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Jackson v. Dallas School District

United States District Court, M.D. Pennsylvania

July 21, 2015

TED JACKSON, SR., Plaintiff,


JAMES M. MUNLEY, District Judge.

Before the court for disposition is the defendants' motion for summary judgment. This case involves Plaintiff's Ted Jackson Sr.'s employment as head football coach at the Dallas Area High School. The school district terminated his employment after twenty-eight years and the issue is whether the district acted due to plaintiff's performance or whether they dismissed him for political reasons in violation of his constitutional rights. After discovery, defendants moved for summary judgment. The parties have briefed their respective positions and the matter is ripe for disposition.


Plaintiff Ted Jackson, Sr., (hereinafter "plaintiff") served as an annually appointed Head Football Coach for Defendant Dallas School District. (Defs.' Concise Stmt. of Facts (hereinafter "SOF" ¶ 1). The principal of the school, Jeffrey Shaffer, "supervised head coaches, including plaintiff." (Id. ¶ 2). As part of this supervision, Shaffer performed two evaluations of plaintiff per year, a mid-season and an end-of-season evaluation. (Id. ¶ 6). Dallas School District's "Administrators & Coaches Handbook" governs the conduct of the head coaches. (Id. ¶ 3).

Plaintiff's son, Ted Jackson, Jr., (hereinafter "Jackson, Jr.") served as an assistant coach on plaintiff's staff. (Id. ¶ 8). Jackson, Jr. was penalized twice in October 2011 for behavior during football games. (Id. ¶¶ 9-10).[1] The school suspended Jackson, Jr. from October 18, 2011 through October 21, 2011. (Id. ¶ 11). Plaintiff then informed the football team that he was upset with the way the school handled the suspension of Jackson Jr., and that he might not coach an upcoming game. (Id. ¶¶ 13-14).[2]

Defendants highlight several other incidents involving plaintiff as relevant to the instant case:

1) During a football game with Tunkhannock High School in 2009, the Pennsylvania Interscholastic Athletic Association, (hereinafter "PIAA"), the sanctioning body for athletic events held in the state, issued a penalty to plaintiff when members of his team urinated on the other school's tennis court; (Id. ¶ 17).

2) The school's athletic director Nancy Roberts served as plaintiff's immediate supervisor. (Id. ¶ 22). One of her duties was to provide the school's starting lineup to the public address announcer at games. She failed to do this on November 12, 2011 at a playoff game with Scranton Prep School. (Id. ¶ 21). The defendants assert that plaintiff reacted unprofessionally toward Roberts regarding this failure and that Shaffer, the school principal, issued him a written reprimand. (Id. ¶¶ 23-25).

In his end-of-season evaluation, the principal mentioned "the November 12, 2011 incident at the Scranton Prep game, Jackson's comments to the press and his students about being upset that his son was suspended, the unsportsmanlike conduct penalties, and Jackson's decision to tell his students that the may not coach their game." (Id. ¶ 29). The evaluation rated plaintiff as "unsatisfactory" and recommended that he not remain the coach. (Id. ¶ 30).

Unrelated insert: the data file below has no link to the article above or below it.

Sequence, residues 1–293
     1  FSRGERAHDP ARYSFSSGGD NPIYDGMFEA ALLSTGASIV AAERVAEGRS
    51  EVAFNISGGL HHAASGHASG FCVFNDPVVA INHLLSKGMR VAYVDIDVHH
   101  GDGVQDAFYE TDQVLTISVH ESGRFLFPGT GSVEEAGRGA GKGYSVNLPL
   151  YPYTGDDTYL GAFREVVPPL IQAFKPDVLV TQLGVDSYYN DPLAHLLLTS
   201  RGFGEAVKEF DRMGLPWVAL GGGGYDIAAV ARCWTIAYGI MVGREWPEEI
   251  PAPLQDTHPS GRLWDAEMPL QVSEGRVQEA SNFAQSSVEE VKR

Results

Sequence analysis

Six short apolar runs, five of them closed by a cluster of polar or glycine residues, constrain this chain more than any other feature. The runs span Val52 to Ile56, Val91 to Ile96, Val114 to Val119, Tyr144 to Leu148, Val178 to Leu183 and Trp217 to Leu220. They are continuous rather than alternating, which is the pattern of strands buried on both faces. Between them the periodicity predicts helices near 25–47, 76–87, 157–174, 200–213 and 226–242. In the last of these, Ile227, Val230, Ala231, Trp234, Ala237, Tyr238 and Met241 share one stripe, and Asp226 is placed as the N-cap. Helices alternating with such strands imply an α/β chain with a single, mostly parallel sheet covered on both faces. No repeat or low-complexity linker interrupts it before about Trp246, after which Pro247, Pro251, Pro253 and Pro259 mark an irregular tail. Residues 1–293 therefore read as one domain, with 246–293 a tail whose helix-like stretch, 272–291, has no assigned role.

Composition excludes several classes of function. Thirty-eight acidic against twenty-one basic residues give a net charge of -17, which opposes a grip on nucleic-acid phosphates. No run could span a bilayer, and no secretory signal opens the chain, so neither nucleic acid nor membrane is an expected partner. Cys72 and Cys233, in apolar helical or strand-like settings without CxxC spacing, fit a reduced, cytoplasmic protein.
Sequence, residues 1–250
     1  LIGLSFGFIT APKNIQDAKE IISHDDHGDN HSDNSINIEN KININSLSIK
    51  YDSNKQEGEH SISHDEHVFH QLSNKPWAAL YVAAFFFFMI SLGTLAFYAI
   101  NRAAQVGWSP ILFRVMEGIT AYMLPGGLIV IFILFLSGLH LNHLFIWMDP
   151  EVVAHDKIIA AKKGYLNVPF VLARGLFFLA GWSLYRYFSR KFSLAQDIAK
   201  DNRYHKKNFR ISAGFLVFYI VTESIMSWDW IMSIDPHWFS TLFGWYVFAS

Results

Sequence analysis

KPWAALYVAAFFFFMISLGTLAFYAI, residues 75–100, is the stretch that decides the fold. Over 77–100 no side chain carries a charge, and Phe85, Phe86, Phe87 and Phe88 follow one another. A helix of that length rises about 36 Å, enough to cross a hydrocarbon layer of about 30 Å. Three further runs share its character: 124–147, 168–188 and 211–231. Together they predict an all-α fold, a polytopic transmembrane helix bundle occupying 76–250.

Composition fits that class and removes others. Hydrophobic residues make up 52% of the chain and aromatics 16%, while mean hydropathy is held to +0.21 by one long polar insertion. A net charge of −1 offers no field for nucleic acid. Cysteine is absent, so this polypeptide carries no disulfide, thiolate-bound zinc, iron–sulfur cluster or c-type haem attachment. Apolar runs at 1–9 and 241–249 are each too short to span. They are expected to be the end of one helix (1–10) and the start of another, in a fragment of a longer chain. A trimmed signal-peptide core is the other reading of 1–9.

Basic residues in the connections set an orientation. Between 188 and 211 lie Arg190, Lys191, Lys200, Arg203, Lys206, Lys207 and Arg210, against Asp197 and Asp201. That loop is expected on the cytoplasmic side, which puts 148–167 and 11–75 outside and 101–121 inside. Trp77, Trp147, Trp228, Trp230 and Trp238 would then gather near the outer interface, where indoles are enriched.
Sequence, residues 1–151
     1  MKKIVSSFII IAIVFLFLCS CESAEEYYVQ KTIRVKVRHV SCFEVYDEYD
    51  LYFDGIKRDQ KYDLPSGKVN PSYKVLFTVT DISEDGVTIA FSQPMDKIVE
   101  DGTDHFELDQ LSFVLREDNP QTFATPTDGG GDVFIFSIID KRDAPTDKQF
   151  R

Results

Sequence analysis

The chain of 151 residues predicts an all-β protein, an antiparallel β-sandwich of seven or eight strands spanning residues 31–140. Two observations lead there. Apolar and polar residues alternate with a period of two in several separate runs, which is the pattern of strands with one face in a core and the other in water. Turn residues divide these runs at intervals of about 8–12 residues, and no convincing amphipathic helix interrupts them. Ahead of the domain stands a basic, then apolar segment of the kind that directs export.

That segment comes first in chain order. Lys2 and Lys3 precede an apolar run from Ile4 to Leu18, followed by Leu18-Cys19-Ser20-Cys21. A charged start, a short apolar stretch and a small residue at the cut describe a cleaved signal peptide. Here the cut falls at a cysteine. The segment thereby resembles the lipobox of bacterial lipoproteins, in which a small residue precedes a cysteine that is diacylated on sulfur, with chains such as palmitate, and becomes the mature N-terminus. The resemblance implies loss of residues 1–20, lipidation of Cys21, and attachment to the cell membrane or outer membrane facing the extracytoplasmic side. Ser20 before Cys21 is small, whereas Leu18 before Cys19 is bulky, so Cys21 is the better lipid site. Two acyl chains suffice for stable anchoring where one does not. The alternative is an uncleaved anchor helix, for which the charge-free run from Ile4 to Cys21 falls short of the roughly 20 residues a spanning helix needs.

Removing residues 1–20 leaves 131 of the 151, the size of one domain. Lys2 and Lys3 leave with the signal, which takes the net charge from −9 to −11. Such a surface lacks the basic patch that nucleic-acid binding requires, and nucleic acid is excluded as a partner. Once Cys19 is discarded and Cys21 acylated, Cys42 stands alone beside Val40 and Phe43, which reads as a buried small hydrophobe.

Plaintiff had the right to appeal this unsatisfactory evaluation to the Superintendent of Schools, Frank Galicki. Plaintiff did so appeal. (Id. ¶ 31). Galicki held an appeal meeting on December 8, 2011 with plaintiff, Roberts and Schaffer. (Id. ¶ 34). After the meeting, Roberts, Shaffer and Galicki issued a written decision and recommended the School Board declare plaintiff's position "open" as of the 2012-2013 school year. (Id. ¶ 36). Subsequently, the school board voted to declare the position open and the members voting in favor of opening the position are the individual defendants, Dr. Richard Coslett, Karen Kyle, Maureen Matiska, Charles Preece, Larry Schuler and Catherine Wega. (Id. ¶¶ 37-39).

Eventually, the board interviewed potential candidates for the head coach position. Amongst those who they interviewed were plaintiff and Robert Zaruta. (Id. ¶ 43). The board eventually offered the position to Zaruta. (Id. ¶ 46). The defendants assert that Zaruta was hired because of his qualifications. Plaintiff asserts that he is more qualified for the position than Zaruta and that Zaruta was hired due to his political affiliations. Zaruta is the same political party as the majority of the board and displayed campaign signs on his lawn for several of them. Whereas plaintiff is a different political party from the board majority and did not campaign for any of them.

Plaintiff's complaint alleges violations of the United States Constitution and he brings his causes of action under the Civil Rights Act, 42 U.S.C. § 1983 (hereinafter "section 1983"). (Doc. 18, Am. Compl.). Count I asserts a cause of action for violation of the First and Fourteenth Amendments rights to speech and association with regard to his termination. (Id. ¶¶ 122-23). Count II asserts that he was not selected for the position of head coach in violation of his speech and association rights. (Id. ¶¶ 124-25). Count I and Count II are asserted against the defendants in their official capacities. Count III and Count IV assert the same causes of action against the defendants in their individual capacities. (Id. ¶¶ 126-31).


As plaintiff brings this case pursuant to 42 U.S.C. § 1983 for constitutional violations, we have jurisdiction under 28 U.S.C. § 1331 ("The district courts shall have original jurisdiction of all civil actions arising under ...

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